A “Need to Know” Situation in Education

Mark Milliron Catalytic Conversations Civitas Learning Space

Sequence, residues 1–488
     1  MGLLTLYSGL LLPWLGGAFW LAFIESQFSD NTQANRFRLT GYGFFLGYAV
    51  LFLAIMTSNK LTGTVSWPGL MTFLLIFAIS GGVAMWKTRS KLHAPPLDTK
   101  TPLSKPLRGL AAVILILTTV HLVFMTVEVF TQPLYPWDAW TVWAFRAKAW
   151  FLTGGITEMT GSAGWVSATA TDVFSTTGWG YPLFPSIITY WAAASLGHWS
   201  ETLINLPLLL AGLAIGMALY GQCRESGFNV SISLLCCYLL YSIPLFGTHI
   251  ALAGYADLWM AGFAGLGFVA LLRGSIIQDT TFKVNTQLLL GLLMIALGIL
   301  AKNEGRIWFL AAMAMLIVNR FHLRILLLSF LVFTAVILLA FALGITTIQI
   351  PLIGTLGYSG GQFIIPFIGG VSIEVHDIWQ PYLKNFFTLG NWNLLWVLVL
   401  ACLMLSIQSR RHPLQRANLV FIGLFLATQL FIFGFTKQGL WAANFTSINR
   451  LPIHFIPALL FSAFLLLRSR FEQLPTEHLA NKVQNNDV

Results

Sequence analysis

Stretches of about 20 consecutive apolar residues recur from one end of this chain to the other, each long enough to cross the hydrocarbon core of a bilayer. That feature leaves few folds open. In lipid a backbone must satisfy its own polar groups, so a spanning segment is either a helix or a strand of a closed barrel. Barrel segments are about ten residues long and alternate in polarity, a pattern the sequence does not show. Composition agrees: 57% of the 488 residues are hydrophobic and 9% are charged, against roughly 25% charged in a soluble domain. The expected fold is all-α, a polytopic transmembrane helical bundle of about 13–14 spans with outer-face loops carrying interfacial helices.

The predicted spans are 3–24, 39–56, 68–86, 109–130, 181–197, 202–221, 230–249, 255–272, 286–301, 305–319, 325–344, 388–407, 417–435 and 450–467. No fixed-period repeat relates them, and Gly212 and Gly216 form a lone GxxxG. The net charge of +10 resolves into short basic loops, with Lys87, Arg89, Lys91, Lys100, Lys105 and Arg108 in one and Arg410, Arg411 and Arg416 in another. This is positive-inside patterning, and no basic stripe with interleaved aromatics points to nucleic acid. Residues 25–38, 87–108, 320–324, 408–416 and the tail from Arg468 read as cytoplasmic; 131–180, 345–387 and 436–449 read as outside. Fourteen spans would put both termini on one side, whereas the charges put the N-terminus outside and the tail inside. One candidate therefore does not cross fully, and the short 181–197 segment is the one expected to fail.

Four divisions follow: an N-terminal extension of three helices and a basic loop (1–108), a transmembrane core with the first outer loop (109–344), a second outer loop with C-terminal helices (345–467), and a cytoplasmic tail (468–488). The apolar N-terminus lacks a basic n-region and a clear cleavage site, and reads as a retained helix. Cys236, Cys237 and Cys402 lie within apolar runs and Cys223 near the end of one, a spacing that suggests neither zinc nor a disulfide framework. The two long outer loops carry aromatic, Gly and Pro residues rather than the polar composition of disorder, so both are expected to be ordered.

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In the power to know we’re making a difference in education we talked about the emerging education imperative—the metaphorical “learn or die” scenario. There is little doubt that this imperative is driving expanded explorations into how we educate. Which is why when you look worldwide, there is a dizzying array of regulatory frameworks emerging at all levels of education, ranging from the U.S. Department of Education’s No Child Left Behind Act to the Higher Learning Commission’s Academic Quality Improvement Program (AQIP) to the Bologna Process in Europe to test regimes in Qatar. In addition external sources are bringing publicly available data to parents, community leaders, and legislators to start conversations. The Education Trust is one of the leading drivers of these dialogues. Their goal is to highlight success and start difficult explorations of weaknesses in educational systems. Check out their College Results site to do some of your own examinations of college effectiveness. It is a completely different way of looking at college quality than US News and World Report rankings. In addition, the Gates Foundation posts a US report card of state-by-state school system performance as part of their work in igniting change in education through rigor, relevance, and relationships. Other initiatives are also bringing insight to education from more direct sources—student surveys. The National Survey of Student Engagement, the Community College Survey of Student Engagement, and the newly created High School Survey of Student Engagement, all use the technique of leveraging the reams of research reports about what works in teaching and learning and then reaching out directly to students. The leaders of these efforts have created surveys that capture data from students about whether they are engaged in teaching and learning activities that research shows will lead them toward success in education. Moreover, they encourage the hundreds of institutions that participate to benchmark themselves against like institutions to compare their effectiveness and drive conversations about what level of engagement is “good enough.” In the United States, broader benchmarking activities are being driven by associations and grant initiatives. For example, The Western States Benchmarking Consortium members are searching for “more meaningful accountability.” Leading school districts in this group are driving student performance analysis, financial intelligence, strategic performance management, and human capital intelligence projects. The Achieving the Dream (ATD) project, funded by the Lumina Foundation, is challenging community colleges to use systematic data collection to learn more about access and success in two-year institutions. Moreover, ATD and other programs, like the College and Career Transitions Initiative are driving institutions to look at data sets that explore the flow of students between levels of education. And the Educause Center for Applied Research is striving to use research and analysis to help higher education leaders make better decisions. While they may not have achieved the sophistication of the predictive analytics used by Amazon.com or the interactivity of gaming systems, it’s clear that education insight initiatives on the local, state, national, and international level are on the rise. I just hope they fulfill the promise of helping us learn what’s working, what’s not, and what holds the potential to drive transformational change in the way we teach and reach students. Because given our modern education imperative, this is truly a “need to know” situation.